Legal Notice creates added confusion – Kamra tal-Periti

Kamra tal-Periti (KtP) said that the Legal Notice that the government issued on Tuesday “does little to guarantee public safety primarily because it further confuses the responsibilities on site”.

In a press release, the KtP said that Legal Notice L.N. 136 on Avoidance of Damage to Third Party Property Regulations 2019, is not only confusing but has also not dealt with the issue of requirement for registration and licensing of contractors making the STO liable to the government’s shortcomings to regulate the sector.

The chamber is also concerned that the government did not consult with them as per required by law and that the questions that had been sent to Minister Ian Borg have remained unanswered.

The KtP had consistently insisted that responsibilities should be clear and unambiguous in the interest of public safety, and that the Civil Code specifically identifies the perit and the contractor as being the two figures that should carry the responsibility, which are clear in the Civil Code.

The perit is responsible to design, specify and direct the works to ensure that the building is safe.    The contractor is responsible for executing the works, including following the design, specification and direction of the perit. It is up to the contractor to decide the composition and qualifications of his personnel to fulfil his responsibilities. This is the norm in developed countries.

The KtP also believes that a third responsibility, that is regulation needs to be carried out, and this could only be taken care of by the government, something that in the chamber’s words the authorities “have failed to fulfil”.

The chamber also highlighted the following examples where the government had failed in its duties in the industry:

  • The BRO was left severely underfunded for years, with a meagre annual capital budget of €150,000, which is barely equivalent to the salary of six of its employees, rendering it effectively powerless and ineffective.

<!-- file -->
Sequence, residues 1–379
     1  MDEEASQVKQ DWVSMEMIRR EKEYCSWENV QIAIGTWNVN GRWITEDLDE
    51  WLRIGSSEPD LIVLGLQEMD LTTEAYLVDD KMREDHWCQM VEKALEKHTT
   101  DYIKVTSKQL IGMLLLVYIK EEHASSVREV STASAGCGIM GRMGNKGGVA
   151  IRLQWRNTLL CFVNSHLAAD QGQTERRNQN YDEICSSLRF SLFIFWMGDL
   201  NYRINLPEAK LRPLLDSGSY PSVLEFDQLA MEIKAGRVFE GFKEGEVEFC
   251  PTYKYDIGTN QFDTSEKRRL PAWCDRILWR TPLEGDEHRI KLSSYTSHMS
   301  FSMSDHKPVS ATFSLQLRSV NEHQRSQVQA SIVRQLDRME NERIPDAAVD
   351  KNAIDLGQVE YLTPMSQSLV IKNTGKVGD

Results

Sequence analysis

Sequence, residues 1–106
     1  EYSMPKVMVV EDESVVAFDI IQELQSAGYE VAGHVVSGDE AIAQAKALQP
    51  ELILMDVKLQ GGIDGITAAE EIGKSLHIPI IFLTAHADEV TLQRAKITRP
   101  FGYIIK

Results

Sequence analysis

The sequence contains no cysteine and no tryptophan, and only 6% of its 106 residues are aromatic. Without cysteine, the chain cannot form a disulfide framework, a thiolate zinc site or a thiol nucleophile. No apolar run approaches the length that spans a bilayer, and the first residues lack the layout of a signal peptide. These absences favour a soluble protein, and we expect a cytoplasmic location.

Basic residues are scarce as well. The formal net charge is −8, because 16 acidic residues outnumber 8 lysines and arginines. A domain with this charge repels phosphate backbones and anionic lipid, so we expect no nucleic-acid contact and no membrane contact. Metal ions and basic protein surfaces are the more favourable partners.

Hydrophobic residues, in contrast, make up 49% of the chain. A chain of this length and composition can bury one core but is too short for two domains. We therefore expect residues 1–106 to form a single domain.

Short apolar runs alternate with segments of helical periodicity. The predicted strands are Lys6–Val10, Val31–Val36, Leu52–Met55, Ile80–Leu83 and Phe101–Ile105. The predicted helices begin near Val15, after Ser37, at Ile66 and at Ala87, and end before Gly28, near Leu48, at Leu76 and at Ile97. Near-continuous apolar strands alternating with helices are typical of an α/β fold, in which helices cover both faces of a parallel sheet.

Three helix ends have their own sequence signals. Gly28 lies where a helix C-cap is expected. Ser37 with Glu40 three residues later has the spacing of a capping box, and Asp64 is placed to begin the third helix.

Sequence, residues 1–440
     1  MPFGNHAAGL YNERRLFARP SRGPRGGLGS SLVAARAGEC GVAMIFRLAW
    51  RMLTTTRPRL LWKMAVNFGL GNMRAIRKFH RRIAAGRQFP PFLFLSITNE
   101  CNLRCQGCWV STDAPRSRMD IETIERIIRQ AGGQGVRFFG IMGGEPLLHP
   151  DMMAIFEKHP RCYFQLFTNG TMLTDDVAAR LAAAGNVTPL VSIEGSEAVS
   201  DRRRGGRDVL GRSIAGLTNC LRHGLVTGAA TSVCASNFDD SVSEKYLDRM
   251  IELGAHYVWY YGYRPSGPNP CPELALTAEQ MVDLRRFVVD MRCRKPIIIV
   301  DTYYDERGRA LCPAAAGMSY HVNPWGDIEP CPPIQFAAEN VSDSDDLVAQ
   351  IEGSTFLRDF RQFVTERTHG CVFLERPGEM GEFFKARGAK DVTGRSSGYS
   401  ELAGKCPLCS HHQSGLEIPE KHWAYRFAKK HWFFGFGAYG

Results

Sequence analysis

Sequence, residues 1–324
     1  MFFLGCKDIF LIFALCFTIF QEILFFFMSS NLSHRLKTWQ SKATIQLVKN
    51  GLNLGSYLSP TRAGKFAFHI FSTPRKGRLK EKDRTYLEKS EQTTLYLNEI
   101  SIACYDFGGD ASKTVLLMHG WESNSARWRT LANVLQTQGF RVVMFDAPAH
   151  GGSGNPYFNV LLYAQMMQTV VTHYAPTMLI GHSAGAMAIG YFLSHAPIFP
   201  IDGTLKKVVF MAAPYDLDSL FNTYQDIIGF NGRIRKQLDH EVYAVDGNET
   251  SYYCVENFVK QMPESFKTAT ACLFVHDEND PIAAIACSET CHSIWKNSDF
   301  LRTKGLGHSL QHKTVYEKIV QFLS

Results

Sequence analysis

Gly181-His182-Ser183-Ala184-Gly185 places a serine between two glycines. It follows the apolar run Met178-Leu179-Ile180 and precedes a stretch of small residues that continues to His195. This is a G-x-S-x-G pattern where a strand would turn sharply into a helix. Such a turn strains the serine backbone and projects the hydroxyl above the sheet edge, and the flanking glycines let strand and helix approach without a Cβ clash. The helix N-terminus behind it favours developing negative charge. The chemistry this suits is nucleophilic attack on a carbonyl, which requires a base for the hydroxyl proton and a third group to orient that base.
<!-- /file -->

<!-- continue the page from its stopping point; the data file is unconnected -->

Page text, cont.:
• The BRO has not put in place a system for registration and licensing of contractors in breach of Article 5 of the Building Regulation Act. This exposes the public to inordinate levels of risk.
  • The list of licensed masons was only published last Friday during the KtP EGM. The KtP numerous requests for such a list over the past years were dismissed by the BRO on the basis of data protection considerations. It is pertinent to point out that the list as published is in breach of Article 22 of the Services Directive which requires that the identification and contact details of masons and contractors be published so they may “be contacted rapidly and communicated with directly”.
  • The planning process was never clearly separated from the building regulation process, resulting in institutional confusion and inadequate enforcement. This confusion was further exacerbated when the Planning Authority (PA) issued two circulars yesterday evening about the Legal Notice, which falls under the remit of the BRO. Moreover, instead of Government investing in developing the BRO’s IT infrastructure, the PA has taken over the implementation of the new regulations from the remit of the BRO, and extended its online planning application system for this purpose. This is exacerbating further an already confusing situation.
  • No centralised building and construction regulations in line with those of other European Member States are in place. The few that are in place are contradictory or obsolete and fall under the remit of over 22 public entities.
  • The draft Periti Act has been left in abeyance for over 12 years, leaving the profession unable to modernise itself in line with contemporary requirements and EU regulations.
  • The Construction Products Directive, which falls under the remit of the MCCAA, was never enforced. This means that virtually no building and construction products on the market, which forms part of the wider European single market, are CE certified, and are therefore illegal. This has significant consequences for the consumer and the perit, in that there is no way to verify that the specifications are being met by the suppliers of building products, including bricks and pre-stressed concrete planks.